I was right.

Wacooli answered behind me. “Anee, we’ll have to search for grass on foot and bring it to ‘em.” 

From my brother’s response to Wacooli’s lack of enthusiasm, I knew Aeneas stewed in his thoughts. His concern for our animals was more about him than the beasts. 
Aeneas said, “You know what I’m hungry for? Grandma’s fried bread, Mama’s glazed chicken, Honey’s pole beans boiled with fatback, and strawberry pie.”
“Damn it, Aeneas! Doesn’t do us any good thinking about it.” I took the fatal risk of putting my thoughts to voice while lingering in Aeneas’ conjured savory tastes. I bit my tongue and swallowed twice. “Aeneas, do you remember Papa asking Mama to take all the seeds out of his strawberries?”

“Nope. Too little. You can hold Papa in your thoughts better than me, Rollin. You’ve got more stock.”

When I didn’t answer right away, he asked, “What did Papa say?”
“Said they got stuck in his teeth, and she needed to remove them.”
“Did she throw something at him?” Aeneas smiled briefly and tried a laugh, but his throat was too dry to form the sound. 
“No. She kissed him, as I remember it.” 

The memory was as sweet as the fruit. Our lives were so predictable then, freedom through synchronicity. Running Waters will always be home, not the cabin in the West at Honey Creek, or Mama’s dogtrot in Fayetteville, but our home, Running Waters, in Cherokee Nation East, settled among valley lands in the foothills of the Appalachians.

My parent’s extensive farm stretched into the valley on a high hill, crowned with a fine grove of oak and hickory, with a large clear spring at its foot. The orchard was on the left, wheat and cornfields to the right, pastures of cows, goats on one side near the house, and sheep grazing on the other.3 Behind the house, the running spring gave our home its name. After Grandfather’s New Echota Treaty in 1835, we, too, would run over rock, slip on moss, and fall downhill with only brief plains to pool.

The ground whitened under our horse hooves, salted sand gathering in random odd-shaped lines. Only God could articulate their rhyme and reason. Boot tracks marked our path northwest. Each saunter brought another thought: some forward, most backward. Where we’d been, what we’d lost. My thoughts rambled without any respite.


Twitter Handles: @HMHFR @cathiedunn

Instagram Handle: @thecoffeepotbookclub

Hashtags: #AmericanHistory #NativeAmericanHistory #TrailOfTears #BlogTour #TheCoffeePotBookClub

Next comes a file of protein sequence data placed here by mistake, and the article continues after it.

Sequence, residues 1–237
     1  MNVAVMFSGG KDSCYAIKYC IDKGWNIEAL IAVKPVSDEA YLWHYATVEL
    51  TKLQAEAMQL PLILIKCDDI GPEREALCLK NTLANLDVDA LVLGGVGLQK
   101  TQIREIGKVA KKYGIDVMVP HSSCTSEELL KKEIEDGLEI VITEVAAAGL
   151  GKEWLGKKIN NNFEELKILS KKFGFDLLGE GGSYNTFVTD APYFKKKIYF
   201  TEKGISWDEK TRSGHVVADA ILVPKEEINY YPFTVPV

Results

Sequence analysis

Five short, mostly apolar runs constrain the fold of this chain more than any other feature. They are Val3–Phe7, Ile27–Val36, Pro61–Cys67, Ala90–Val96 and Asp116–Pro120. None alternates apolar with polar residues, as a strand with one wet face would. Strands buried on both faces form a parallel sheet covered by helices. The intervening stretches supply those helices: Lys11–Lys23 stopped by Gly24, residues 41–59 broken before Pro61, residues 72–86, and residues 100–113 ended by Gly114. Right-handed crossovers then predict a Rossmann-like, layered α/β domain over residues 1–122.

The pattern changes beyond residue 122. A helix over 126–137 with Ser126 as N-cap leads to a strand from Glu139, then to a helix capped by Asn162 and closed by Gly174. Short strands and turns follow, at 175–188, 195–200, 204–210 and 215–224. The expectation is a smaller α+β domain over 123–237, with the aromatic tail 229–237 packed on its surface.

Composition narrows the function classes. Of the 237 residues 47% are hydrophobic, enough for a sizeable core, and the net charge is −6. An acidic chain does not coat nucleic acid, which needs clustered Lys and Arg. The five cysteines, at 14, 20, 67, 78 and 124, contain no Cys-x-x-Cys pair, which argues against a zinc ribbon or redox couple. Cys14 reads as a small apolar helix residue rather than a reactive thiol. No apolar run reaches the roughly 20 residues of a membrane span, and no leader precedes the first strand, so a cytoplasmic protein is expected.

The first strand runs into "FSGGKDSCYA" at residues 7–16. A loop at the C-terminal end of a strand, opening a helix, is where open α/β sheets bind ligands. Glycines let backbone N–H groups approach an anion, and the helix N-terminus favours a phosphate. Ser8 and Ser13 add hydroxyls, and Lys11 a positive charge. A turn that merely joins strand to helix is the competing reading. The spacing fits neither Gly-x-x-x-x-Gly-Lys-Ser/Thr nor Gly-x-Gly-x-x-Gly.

Tour Schedule Page:

*** *** 

You might also like 

books written by Helen Hollick 


Amazon Author Page: 

The Jan Christopher Cosy Mysteries
set in the 1970s

nautical adventures set during the Golden Age of Piracy

If you enjoyed the first Pirates of the Caribbean movie
you'll love the Sea Witch Voyages

Coffee Pot Book Club
Bronze Award2022


The story of the events that led to
The Battle of Hastings in 1066

Harold the King (UK edition)
I Am The Chosen King (US edition)
1066 Turned Upside Down
an anthology of 'What If'' tales
The Forever Queen (US edition)
A Hollow Crown (UK edition)

The Pendragon's Banner Trilogy

 The Boy Who became a Man:
Who became a King:
Who became a Legend... 

Coffee Pot Book Club Bronze Award 2023


US editions

Historical Stories of Exile by 13 popular authors 
Cryssa Bazos, Anna Belfrage, Elizabeth Chadwick, Cathie Dunn, 
J.G. Harlond, Helen Hollick, Loretta Livingstone, Amy Maroney 
Alison Morton, Charlene Newcomb, Elizabeth St.John, 
Marian L Thorpe, Annie Whitehead.
With an introduction by Deborah Swift

Amazon: FREE ebook!


SUBSCRIBE to Helen's
Thoughts from a Devonshire Farmhouse newsletter
to receive an email reminder of each new post
(1st of every month)


  1. Thank you so much for featuring Heather Miller today, Helen!

    Take care,
    Cathie xx
    The Coffee Pot Book Club


Thank you for leaving a comment - it should appear soon. If you are having problems, contact me on author AT helenhollick DOT net and I will post your comment for you. That said ...SPAMMERS or rudeness will be composted or turned into toads.